Women 45+ on Labor Market: Ageism

The conference Plus for Women 45+ enabled exchange of information and experience among experts from Slovakia, Finland, Germany, Lithuania and Czech Republic and proved, that Slovakia is trying to solve Labor Market Problems, however have still a lot to do.

The goal of this project was to describe the work conditions and lives of women over 45 in Slovak social environments and to contribute to the creation of a public policy. 

One of the main problems is that most women 45+ are critical of their ability to defend their own rights at work, the retirement age of Slovak women has been radically raised by the pension reform, however many of women 45+ are “sandwich women”, as they combine care for their own families with assistance to their children’s families. This is many times impossible. 

Proposals of solving this situation is accomplishing mental shift among ageing women towards a more active and assertive attitude to work, filling-in the vacuum of visible role models of successful female workers around 60 years, overcoming wide-spread ageism in the society as a whole, introducing a better age and life course-adjusted and flexible working life for ageing workers in organizations and building health-care and social services that would respond to the needs of ageing women. 

From my point of view, women 45+ are really underestimated in Slovakia and don´t have enough rights. Although there are a lot of project trying to solve this alarming situation, conditions remain the same. This is mainly mental problem. The question is, how long it will continue?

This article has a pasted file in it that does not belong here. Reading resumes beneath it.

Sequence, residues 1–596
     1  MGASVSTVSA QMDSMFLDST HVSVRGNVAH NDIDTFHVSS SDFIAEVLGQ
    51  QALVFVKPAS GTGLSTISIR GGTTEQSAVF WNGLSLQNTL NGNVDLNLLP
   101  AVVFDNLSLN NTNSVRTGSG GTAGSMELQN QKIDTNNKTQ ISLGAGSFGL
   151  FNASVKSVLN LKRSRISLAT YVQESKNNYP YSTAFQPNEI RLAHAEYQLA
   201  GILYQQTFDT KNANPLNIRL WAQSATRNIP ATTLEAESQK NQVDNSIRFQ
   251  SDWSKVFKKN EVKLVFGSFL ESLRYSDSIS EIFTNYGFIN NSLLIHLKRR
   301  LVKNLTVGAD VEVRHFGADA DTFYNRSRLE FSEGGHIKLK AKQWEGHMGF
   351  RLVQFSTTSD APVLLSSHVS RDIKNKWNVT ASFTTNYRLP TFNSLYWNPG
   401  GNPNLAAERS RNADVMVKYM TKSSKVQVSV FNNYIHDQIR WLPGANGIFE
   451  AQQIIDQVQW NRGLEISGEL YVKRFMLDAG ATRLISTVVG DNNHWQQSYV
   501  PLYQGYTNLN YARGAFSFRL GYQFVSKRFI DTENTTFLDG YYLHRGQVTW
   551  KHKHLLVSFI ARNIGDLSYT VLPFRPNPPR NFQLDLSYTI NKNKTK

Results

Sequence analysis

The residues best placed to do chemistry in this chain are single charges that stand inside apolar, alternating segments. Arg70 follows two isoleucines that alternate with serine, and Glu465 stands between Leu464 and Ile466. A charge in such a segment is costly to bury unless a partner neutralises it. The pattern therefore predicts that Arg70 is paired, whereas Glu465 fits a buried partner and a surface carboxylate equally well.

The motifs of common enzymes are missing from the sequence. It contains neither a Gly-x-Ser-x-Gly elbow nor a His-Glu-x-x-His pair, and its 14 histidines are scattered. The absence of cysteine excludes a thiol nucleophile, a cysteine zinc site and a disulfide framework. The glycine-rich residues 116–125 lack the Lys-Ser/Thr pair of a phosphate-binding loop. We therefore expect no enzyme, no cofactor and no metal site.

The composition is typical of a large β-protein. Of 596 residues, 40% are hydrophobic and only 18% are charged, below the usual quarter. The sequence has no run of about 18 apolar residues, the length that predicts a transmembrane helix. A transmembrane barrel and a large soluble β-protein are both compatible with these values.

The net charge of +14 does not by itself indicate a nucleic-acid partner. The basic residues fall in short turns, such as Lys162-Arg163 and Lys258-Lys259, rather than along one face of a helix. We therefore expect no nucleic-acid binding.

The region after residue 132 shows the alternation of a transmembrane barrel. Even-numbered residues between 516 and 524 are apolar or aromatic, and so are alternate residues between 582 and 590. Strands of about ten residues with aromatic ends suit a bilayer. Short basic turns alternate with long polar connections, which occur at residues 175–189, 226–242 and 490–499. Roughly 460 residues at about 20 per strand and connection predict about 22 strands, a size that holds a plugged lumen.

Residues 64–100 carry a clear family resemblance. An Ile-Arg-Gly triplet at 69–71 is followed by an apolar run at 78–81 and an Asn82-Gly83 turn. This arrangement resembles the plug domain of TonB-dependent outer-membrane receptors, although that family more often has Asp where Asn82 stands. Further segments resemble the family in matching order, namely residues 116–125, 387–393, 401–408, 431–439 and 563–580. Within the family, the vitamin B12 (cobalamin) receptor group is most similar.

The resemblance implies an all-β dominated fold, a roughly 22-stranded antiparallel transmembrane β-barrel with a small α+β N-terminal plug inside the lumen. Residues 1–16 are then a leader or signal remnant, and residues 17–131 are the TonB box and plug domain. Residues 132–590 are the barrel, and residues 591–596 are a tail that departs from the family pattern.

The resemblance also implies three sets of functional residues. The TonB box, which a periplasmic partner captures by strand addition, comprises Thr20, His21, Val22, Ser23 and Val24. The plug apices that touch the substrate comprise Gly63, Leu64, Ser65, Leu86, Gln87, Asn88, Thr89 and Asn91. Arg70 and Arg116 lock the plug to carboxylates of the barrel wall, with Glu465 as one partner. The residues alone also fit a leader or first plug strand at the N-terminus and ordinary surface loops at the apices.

You can read more here 


One thought on “Women 45+ on Labor Market: Ageism

  1. Finland is usually presented as pioneer in gender equality, however in reality, equality has progressed with agonising slowness. The gender segregation of Finnish work life is strong and it extends both across and within occupations. Women’s jobs are characterised by elements of caring, nurturing and supportive roles, while men monopolise the heavy manual, technical and managerial tasks.For example the boom in information technology (IT) in Finland has widened the gender gap in education and working life. Starting in the upper level of comprehensive school, IT is an optional subject chosen mostly by boys. Boys are over-represented in IT and related classes in upper secondary school and at vocational training institutes. This gender-related difference in education may have far-reaching implications on tomorrow-s labour markets: those with a good command of IT have a better choice of jobs than those who have received littler or no such training. There is also a gap between women and men when it comes to training and work tasks. According to statistics, more often than men, women have the opportunity to use a computer at work. Despite this, women tend to feel that the computer skills learned at work are rather limited.
    There is still quite wide wage differences in Finnland betweengenders.It can be explained by the fact that woman-dominated fields are valued less highly.


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